It may not be as “sexy” as installing a new kitchen or adding a bathroom or investing in a high-tech HVAC system, but if you want to one of the best bang-for-the-buck ways to add value to your Connecticut home (or to save money on your home energy bill), look no further than adding insulation to your attic.
According to Remodeling.com, an investment in insulation for your attic will recoup an average of 86.1 percent of its investment in a New England home – more than any other single home improvement investment measured by the website.
But what kind of insulation should you add, and how much? Is adding insulation to your attic alone enough to tame your energy bills?
To answer these questions and more, let’s take a look at some home insulation basics.
- What insulation types and materials are available?
Insulation can be made of any number of materials, with categories ranging from batts and rolls to spray-in foam and concrete block. Check out this DOE link for a comprehensive listing of insulating types.
- Where should I put insulation in my home?
A home should be insulated from foundation to roof – anywhere where heated or cooled air may encounter outdoor air or an unconditioned space. Some key areas to insulate include the attic, duct system, exterior walls, any interior wall that is next to an unconditioned space, foundations, floors with cold spaces below (such as a crawl space or unheated garage), and ceilings with cold spaces above (such as an attic). To learn more about places to insulate your home, see this graphic.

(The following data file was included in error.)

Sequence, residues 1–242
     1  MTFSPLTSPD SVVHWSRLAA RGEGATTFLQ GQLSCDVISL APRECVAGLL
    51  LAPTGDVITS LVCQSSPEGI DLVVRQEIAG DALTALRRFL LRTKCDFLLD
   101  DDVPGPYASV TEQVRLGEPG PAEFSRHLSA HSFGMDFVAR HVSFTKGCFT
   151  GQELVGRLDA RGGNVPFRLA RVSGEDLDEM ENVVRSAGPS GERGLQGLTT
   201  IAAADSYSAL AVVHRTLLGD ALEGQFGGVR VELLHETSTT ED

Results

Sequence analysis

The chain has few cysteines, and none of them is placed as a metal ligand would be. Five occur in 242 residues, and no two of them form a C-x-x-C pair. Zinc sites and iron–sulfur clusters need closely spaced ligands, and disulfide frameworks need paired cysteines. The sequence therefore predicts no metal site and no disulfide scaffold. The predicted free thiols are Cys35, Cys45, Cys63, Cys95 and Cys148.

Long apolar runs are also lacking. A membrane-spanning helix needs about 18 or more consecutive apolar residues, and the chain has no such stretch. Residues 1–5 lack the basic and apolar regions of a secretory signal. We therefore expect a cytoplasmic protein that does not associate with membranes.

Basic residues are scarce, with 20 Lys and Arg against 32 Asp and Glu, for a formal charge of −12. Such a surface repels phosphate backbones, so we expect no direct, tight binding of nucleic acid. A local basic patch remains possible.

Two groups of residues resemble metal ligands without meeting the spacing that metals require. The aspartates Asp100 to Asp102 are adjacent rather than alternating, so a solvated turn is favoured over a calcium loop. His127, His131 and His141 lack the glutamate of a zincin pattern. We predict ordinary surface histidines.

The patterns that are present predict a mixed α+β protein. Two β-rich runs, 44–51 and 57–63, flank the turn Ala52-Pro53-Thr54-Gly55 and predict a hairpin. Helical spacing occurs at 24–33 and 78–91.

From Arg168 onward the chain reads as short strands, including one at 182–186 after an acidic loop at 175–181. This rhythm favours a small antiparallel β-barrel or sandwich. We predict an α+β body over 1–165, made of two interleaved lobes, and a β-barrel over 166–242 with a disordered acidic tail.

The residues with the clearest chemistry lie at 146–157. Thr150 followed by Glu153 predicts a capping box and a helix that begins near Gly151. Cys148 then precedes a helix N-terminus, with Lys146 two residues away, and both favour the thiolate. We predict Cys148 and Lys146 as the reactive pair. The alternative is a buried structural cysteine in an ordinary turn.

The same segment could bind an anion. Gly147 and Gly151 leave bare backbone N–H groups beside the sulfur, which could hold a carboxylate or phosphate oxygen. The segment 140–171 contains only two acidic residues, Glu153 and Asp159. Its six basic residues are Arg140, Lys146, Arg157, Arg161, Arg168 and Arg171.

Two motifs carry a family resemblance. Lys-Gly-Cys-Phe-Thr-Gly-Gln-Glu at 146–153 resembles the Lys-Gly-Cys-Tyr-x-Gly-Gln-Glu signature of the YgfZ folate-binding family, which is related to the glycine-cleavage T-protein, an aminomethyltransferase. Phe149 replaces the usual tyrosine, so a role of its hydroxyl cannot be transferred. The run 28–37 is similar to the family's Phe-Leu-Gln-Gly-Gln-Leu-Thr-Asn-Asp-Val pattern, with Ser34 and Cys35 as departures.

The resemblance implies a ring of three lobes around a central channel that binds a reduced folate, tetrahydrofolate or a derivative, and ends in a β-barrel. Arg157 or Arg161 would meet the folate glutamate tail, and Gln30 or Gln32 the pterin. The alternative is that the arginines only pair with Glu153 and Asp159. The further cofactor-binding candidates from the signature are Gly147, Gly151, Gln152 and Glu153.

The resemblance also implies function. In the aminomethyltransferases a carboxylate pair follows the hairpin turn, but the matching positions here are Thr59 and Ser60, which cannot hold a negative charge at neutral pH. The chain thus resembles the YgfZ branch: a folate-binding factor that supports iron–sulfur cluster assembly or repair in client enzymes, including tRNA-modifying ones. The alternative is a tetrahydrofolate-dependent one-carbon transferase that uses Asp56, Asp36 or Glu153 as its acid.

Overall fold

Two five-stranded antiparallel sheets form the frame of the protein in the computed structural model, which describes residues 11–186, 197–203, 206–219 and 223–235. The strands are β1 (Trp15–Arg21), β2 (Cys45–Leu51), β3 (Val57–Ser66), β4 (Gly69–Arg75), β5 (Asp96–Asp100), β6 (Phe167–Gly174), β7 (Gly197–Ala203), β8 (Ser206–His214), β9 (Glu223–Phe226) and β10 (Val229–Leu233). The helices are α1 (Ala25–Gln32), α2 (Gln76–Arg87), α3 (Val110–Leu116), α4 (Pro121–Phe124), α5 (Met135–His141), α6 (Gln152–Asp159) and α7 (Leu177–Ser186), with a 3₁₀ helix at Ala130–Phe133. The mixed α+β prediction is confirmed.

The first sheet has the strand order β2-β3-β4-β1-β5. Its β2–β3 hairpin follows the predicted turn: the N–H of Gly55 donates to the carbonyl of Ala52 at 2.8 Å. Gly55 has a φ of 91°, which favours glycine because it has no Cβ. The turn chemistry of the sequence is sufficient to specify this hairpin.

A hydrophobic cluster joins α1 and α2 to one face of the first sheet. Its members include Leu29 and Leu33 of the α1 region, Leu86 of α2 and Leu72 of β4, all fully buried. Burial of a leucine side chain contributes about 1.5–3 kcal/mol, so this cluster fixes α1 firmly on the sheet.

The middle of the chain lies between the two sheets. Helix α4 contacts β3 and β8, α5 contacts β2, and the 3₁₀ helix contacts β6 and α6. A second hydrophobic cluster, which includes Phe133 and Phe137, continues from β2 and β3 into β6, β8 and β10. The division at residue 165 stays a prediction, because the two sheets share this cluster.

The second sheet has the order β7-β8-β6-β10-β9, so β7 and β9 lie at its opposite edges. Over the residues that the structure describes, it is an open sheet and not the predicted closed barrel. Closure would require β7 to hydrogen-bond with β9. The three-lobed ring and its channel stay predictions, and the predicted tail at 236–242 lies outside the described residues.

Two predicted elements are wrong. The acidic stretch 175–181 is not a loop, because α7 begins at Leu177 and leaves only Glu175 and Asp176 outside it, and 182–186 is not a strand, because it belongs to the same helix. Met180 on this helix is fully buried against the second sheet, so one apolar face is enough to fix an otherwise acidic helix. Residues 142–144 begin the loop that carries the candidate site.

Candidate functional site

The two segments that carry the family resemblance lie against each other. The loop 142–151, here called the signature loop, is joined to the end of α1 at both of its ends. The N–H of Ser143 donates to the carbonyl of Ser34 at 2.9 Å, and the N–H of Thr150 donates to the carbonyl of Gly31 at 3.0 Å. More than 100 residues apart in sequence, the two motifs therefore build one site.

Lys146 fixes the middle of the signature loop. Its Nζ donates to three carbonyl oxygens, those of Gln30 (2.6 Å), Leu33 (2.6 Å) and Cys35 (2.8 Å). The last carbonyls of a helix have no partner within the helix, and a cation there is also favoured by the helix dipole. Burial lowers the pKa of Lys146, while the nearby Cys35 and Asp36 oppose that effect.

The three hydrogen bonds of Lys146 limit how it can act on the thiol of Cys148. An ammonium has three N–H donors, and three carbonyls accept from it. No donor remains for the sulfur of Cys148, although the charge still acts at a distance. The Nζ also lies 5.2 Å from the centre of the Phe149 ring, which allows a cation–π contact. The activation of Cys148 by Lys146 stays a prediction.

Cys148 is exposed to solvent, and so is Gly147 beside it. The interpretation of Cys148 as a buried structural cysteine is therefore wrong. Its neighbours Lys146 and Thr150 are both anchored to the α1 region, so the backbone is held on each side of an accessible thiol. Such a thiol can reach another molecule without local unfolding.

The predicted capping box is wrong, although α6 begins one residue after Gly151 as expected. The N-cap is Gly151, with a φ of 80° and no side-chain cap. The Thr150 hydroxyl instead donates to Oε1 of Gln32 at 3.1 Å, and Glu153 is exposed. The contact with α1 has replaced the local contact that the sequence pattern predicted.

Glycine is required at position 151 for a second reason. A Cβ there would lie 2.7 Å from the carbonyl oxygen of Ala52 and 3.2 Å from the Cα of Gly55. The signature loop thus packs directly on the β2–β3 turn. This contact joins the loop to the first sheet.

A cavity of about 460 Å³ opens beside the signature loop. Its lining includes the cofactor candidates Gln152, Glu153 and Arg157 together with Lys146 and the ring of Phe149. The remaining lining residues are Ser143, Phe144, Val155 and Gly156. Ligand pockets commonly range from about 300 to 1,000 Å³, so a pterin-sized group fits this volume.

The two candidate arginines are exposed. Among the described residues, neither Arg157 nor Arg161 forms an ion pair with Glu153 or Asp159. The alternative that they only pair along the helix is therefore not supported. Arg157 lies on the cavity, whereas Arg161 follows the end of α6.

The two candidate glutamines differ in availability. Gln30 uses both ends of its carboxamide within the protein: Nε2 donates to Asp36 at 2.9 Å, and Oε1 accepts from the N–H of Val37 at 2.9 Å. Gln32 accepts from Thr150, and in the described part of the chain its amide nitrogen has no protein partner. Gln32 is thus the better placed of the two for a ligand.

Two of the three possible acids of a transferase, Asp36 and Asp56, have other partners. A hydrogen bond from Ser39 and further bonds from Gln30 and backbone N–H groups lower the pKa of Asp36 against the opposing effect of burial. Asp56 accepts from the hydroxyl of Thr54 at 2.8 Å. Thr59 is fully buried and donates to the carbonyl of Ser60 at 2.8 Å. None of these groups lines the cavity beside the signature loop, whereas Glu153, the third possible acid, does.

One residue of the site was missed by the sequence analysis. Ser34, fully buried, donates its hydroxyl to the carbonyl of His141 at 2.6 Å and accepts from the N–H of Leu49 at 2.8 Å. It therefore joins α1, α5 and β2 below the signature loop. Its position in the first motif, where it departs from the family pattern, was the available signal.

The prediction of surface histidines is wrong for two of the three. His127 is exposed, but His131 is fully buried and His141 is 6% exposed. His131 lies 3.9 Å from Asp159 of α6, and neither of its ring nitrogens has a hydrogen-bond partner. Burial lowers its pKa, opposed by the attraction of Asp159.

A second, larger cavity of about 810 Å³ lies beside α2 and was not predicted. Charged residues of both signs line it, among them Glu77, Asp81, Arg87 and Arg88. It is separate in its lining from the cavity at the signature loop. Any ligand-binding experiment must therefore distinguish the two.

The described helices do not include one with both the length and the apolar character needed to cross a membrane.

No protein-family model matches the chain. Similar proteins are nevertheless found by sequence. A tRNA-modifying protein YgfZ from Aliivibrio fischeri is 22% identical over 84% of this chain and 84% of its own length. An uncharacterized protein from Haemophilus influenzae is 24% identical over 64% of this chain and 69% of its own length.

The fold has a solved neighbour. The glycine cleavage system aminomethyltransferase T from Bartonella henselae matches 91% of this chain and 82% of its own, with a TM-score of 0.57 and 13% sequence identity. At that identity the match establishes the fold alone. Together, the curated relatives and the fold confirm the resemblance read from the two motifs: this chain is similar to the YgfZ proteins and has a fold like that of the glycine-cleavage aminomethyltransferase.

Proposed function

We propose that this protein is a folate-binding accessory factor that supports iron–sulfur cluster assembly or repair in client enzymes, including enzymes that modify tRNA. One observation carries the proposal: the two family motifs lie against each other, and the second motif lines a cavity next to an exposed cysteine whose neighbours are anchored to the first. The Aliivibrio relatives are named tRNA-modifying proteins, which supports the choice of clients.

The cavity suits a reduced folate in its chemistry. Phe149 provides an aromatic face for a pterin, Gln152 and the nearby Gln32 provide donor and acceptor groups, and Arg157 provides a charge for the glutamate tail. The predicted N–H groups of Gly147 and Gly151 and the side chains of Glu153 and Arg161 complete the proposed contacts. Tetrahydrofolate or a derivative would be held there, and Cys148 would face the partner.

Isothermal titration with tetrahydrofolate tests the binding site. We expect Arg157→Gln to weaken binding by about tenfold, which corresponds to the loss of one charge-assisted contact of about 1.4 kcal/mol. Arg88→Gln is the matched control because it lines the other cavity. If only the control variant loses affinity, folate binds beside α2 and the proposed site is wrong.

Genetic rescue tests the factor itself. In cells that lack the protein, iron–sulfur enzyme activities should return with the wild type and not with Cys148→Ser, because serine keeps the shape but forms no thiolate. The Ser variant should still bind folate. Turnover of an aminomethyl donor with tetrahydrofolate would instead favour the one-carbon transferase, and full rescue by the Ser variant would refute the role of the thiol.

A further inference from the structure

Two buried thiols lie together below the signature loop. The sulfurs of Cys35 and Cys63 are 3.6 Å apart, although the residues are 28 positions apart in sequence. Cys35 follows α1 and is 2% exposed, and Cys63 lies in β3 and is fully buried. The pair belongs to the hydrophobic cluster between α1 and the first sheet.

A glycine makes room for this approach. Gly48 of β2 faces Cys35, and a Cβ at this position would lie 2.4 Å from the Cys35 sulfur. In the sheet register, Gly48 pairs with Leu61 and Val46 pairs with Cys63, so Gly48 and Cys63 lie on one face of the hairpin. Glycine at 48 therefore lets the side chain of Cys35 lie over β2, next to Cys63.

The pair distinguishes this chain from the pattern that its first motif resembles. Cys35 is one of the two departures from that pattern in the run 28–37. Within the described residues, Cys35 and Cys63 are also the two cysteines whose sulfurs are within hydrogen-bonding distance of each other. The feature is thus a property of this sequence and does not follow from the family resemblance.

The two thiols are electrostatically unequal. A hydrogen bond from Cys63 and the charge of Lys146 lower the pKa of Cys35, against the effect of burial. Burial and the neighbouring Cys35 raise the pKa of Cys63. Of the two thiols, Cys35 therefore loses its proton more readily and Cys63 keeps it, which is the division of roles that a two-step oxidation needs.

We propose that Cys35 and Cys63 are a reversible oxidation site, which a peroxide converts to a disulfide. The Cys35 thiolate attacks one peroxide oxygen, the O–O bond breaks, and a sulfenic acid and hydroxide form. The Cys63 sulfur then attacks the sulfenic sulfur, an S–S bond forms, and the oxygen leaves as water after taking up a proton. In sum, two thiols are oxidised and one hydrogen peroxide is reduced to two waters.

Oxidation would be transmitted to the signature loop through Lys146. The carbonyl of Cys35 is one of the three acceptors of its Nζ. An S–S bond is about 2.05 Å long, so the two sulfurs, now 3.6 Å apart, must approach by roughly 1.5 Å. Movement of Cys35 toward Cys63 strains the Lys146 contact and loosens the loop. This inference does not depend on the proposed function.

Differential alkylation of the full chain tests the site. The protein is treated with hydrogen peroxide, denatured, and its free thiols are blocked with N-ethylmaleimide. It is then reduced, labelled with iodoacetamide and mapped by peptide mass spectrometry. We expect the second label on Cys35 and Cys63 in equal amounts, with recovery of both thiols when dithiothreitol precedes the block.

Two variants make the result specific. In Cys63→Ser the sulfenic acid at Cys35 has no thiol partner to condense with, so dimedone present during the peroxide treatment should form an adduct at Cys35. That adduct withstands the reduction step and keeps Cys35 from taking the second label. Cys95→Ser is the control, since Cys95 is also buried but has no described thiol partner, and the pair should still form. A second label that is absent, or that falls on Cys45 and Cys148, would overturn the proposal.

- What is an R-Value?
An R-value measures the resistance of heat flow through the insulation; the higher the R-value, the more effective the insulation is. The R-value is depends on the type of insulation material, its thickness, and its density, along with where and how the insulation is installed.
- How much insulation does my home need, and what R-Value should I buy?
Choosing the right type and amount of insulation for your home depends on factors ranging from the location of your home to the type of heating system you’re using. Here are some R-Value guidelines for insulating a home in Connecticut, courtesy of our friends at EnergizeCT:
|Connecticut R-Value Recommendations|
||Gas, Heat Pump, Oil
||R30 to R60
||R38 to R60
||R30 to R38
||R30 to R60
||R13 to R15
||R13 to R21
||R2.5 to R6
||R5 to R6
||R25 to R30
||R25 to R30
- How do I add to my existing insulation in my home?
The first step when adding insulation to an existing home is to find out where, how much, and what type of insulation is already in place. There are a few hopeful videos online (here’s one from EnergyStar on checking your attic’s insulation), but by far the best way to do it is to get a professional to look at your home.
- How do I find a contractor to add insulation to my home or business?
The first step once again is to have a professional assess your home’s whole energy footprint with a comprehensive professional energy audit.
Did you know that a CMC home energy assessment (energy audit) includes an assessment of your insulation needs – along with on-the-spot air sealing and other energy efficiency measures – all for a single one-time payment of only $149 for electric and gas heated homes or $174 for propane heated homes?
Contact us today to learn more and schedule your home energy assessment!